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Broadcaster: BBC Radio 4
Year: 2011
Genre: Documentary
URL: http://bobnational.net/record/299524

Review by Jenny Richards

 A House Divided: The Poetry of the American Civil War is a BBC Radio 4 programme examining the relationship between American poetry during and after the Civil War, focusing both on how the war affected the poets of the late 19th century, and the part that poetry played in the propaganda surrounding the war. This may be useful for those taking modules in American literature, poetry or history. The poets discussed include, Emily Dickinson, Walt Whitman, Henry Timrod, Herman Melville, Julia Ward Howe and George Moses Horton.

The programme is presented by the American novelist and essayist, Allan Gurganus, a veteran of the Vietnam War with a particular interest in the literature of the American South. A reminiscence of his childhood in the South, amidst buildings torched in battle only ninety years previously, and his family history on opposing sides of the war, just three generations ago, is a testament to the significance the Civil War still has in the American psyche today.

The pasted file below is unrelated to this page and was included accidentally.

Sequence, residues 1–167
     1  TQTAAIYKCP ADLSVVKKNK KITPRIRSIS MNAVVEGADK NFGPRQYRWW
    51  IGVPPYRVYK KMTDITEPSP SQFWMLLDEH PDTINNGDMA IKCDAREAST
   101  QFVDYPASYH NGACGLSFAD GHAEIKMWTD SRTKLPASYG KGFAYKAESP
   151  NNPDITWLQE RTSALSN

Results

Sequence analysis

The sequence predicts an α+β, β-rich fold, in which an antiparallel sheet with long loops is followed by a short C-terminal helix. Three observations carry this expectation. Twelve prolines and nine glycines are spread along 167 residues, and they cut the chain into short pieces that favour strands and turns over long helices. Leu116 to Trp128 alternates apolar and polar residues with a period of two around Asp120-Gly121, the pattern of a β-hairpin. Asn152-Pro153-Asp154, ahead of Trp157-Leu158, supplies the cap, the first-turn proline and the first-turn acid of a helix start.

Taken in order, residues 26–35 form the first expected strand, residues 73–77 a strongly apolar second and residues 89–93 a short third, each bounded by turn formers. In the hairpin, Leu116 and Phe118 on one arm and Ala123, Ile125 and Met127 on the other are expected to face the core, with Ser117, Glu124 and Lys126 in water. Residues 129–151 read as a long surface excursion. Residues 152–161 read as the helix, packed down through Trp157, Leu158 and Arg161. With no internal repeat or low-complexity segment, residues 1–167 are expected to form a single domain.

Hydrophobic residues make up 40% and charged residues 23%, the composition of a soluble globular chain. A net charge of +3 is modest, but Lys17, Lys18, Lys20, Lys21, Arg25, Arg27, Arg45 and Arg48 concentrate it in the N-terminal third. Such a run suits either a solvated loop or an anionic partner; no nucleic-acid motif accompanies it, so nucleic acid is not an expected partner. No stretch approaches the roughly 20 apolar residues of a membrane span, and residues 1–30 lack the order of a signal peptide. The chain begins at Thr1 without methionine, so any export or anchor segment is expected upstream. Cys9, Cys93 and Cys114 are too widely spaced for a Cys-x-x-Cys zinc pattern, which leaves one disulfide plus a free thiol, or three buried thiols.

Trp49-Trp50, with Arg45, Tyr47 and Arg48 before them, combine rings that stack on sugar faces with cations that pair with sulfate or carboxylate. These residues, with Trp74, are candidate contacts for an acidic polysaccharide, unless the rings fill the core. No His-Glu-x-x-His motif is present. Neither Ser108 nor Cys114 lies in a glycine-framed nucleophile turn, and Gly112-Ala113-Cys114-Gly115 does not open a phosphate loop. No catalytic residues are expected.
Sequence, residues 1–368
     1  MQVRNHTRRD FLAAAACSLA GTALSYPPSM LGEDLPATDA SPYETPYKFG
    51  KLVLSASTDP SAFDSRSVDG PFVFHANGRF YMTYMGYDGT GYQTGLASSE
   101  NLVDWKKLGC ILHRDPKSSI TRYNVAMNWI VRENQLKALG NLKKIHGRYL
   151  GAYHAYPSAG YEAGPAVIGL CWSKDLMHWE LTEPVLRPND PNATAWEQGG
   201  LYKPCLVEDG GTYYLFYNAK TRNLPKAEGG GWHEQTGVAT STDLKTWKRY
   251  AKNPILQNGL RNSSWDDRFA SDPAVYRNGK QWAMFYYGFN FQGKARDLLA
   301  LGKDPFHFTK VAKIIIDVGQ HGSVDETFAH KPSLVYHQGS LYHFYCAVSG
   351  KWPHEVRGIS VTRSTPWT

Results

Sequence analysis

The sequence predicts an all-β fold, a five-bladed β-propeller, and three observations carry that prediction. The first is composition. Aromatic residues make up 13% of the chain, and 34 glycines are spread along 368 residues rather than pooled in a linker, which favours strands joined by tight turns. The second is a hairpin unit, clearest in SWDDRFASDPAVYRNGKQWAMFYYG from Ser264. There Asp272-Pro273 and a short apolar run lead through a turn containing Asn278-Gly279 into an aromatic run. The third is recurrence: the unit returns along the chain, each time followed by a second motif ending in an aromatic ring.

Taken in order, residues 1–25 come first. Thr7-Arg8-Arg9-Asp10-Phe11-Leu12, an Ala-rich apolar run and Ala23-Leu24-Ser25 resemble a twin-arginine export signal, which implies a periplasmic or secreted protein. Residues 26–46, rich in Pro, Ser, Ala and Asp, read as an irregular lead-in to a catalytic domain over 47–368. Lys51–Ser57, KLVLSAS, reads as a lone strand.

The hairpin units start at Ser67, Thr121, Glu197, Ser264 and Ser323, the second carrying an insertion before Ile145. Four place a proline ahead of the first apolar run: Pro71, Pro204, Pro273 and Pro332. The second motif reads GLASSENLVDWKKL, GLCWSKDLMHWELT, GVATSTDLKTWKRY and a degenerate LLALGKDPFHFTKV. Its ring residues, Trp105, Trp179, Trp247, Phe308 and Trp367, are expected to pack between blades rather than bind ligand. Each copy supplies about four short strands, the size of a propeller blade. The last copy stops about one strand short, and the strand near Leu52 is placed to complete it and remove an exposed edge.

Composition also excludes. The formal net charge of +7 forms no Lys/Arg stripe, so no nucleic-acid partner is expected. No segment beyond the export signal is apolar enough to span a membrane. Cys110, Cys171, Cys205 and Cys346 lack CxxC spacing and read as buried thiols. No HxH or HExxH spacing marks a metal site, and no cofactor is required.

Faith Barrett, a 19th Century American poetry Anthologist, speaks about the popularity of poetry during the Civil War. Appearing in newspapers and read at school programmes and lectures, poetry permeated many aspects of American life in both the North and the South and thus became a medium of expression that was accessible to a range of different American voices. The programme features several examples of these different voices; poets of different races, genders and ethnicities, writing at different times, show the reverberations of the war’s impact in every cross-section of American society and the different reactions to it.

New England poet, Susan Howe contributes to the discussion, examining the religious rhetoric of poetry on the sides of both the Confederacy and the Union that served as propaganda to boost their morale and righteousness throughout the war. In contrast to this bellicose enthusiasm however, poets such as Whitman and Dickinson approach the topic in ways that are more subtle, abstract or critical of the war, each considering the significance its violence, death toll and devastation had for the meaning of human life.

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